In 2006, the BBC said that Haaretz takes a moderate stance on foreign policy and security. David Remnick in The New Yorker described Haaretz as "easily the most liberal newspaper in Israel", its ideology as left-wing and its temper as "insistently oppositional". According to Ira Sharkansky, Haaretz's op-ed pages are open to a variety of opinions. J. J. Goldberg, the editor of the American The Jewish Daily Forward, describes Haaretz as "Israel's most vehemently anti-settlement daily paper". Stephen Glain of The Nation described Haaretz as "Israel's liberal beacon", citing its editorials voicing opposition to the occupation, the discriminatory treatment of Arab citizens, and the mindset that led to the Second Lebanon War. A 2003 study in The International Journal of Press/Politics concluded that Haaretz's reporting of the Israeli–Palestinian conflict was more favorable to Israelis than to Palestinians, but less so than that of The New York Times. In 2016, Jeffrey Goldberg, the editor-in-chief of The Atlantic, wrote "I like a lot of the people at Haaretz, and many of its positions, but the cartoonish anti-Israelism and anti-Semitism can be grating".
Formatting, circulation and reputation
In 2016, the newspaper's readership fell to an all-time low of 3.9% on weekdays, far behind other national newspapers in Israel: Israel Hayom had an exposure rate of 39.7%, Yedioth Ahronoth 34.9%, Israel Post 7.2%, and Globes 4.6%.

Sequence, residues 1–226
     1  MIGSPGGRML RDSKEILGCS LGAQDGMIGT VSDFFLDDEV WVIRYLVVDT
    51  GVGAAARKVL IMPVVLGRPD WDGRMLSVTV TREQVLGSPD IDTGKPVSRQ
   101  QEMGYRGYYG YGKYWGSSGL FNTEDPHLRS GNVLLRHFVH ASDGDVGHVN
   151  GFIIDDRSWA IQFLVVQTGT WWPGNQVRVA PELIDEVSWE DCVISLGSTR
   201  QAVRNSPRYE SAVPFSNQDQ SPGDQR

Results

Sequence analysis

Formatting and image
Haaretz uses smaller headlines and print than other mass circulation papers in Israel. Less space is devoted to pictures, and more to political analysis. Opinion columns are generally written by regular commentators rather than guest writers. Its editorial pages are considered influential among government leaders. Apart from the news, Haaretz publishes feature articles on social and environmental issues, as well as book reviews, investigative reporting, and political commentary. In 2008, the newspaper itself reported a paid subscribership of 65,000, daily sales of 72,000 copies, and 100,000 on weekends. The English edition has a subscriber base of 15,000. As of June 2011, readership was 5.8% of the public, down from 6.4% the prior year. In 2012, amid falling circulation, Haaretz was undergoing severe cuts (reportedly firing around 20% of its total workforce, and lowering salaries by between 15 and 35%), and cuts continued through 2013.